A leading composer in 18th century Vienna, Martines was more acclaimed than perhaps any other female composer of her time, making her story a story of triumph, resilience and character. She was one of the first pupils of the young Franz Joseph Haydn, when he was still a struggling composer, renting the attic of his family home. Martines’ enigmatic Sinfonia, which is highlighted in the program, is representative of the style of Haydn’s early works. Light and rhythmic, this work is harmonically simple and conforms to the dominant usage of the Italian three-movement sinfonia (fast, slow, fast). Later celebrated as the “Father of the Symphony,” Haydn went on to perhaps become Beethoven’s most influential teacher, providing an interesting connection between two of the works in this program. A pioneer in many ways, Martines had a substantial impact on future generations of women, paving the way for female composers to work professionally, teach in musical institutions, and write orchestral works on a larger scale.
The evening ends with the painfully soothing Symphony No. 5 by English composer Ralph Vaughan Williams. In style, she represents a change from the violent dissonance of her Fourth Symphony and a return to the softer style of her previous Pastoral. Symphony. An anonymous Times reviewer said that Vaughan Williams’ Symphony No.5 “belongs to that small body of music which, apart from Beethoven’s ending, can rightly be described as transcendental,” adding that “it is music not only of contemplation but of blessing. ” Written during the darkest moments of World War II, Vaughan Williams composed Symphony No.5 to console and heal a nation. California Symphony Music Director Donato Cabrera chose this symphony to do the same for the Bay Area community.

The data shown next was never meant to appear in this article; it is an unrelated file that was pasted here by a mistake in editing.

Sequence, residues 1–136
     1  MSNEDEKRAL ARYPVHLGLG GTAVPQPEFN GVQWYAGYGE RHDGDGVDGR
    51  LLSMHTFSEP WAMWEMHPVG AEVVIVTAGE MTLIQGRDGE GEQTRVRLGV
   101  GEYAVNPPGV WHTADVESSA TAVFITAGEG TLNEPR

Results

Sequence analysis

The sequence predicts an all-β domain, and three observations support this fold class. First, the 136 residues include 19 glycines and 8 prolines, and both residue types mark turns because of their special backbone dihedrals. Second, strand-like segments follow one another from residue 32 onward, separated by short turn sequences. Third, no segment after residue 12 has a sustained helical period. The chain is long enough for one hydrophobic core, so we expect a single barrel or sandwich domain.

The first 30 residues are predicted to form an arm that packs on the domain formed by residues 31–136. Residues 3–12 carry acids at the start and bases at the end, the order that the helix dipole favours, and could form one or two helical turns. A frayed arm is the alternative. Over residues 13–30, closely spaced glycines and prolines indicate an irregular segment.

The 2021-22 season of the California Symphony is sponsored by the Diablo Regional Arts Association (DRAA) and the Dean & Margaret Lesher Foundation. Emperor is sponsored by Mechanics Bank, while his May concert, Epic Finale, is sponsored by KMPG.
Founded in 1986, California Symphony is now in its ninth season under the direction of music director Donato Cabrera. It is distinguished by its dynamic concert programs that combine classics from the American repertoire and works by living composers, and for making the symphony welcoming and accessible. The orchestra includes musicians who perform with the San Francisco Symphony, the San Francisco Opera, the San Francisco Ballet and others. Committed to supporting emerging talent, California Symphony launched the careers of some of today’s best-known artists, including violinist Anne Akiko Meyers, cellists Alisa Weilerstein and Joshua Roman, pianist Kirill Gerstein and composers such as Mason Bates, Christopher Theofanidis, and Kevin Puts. California Symphony is based in Walnut Creek at the Lesher Center for the Arts, serving the public in Contra Costa County and the wider Bay Area.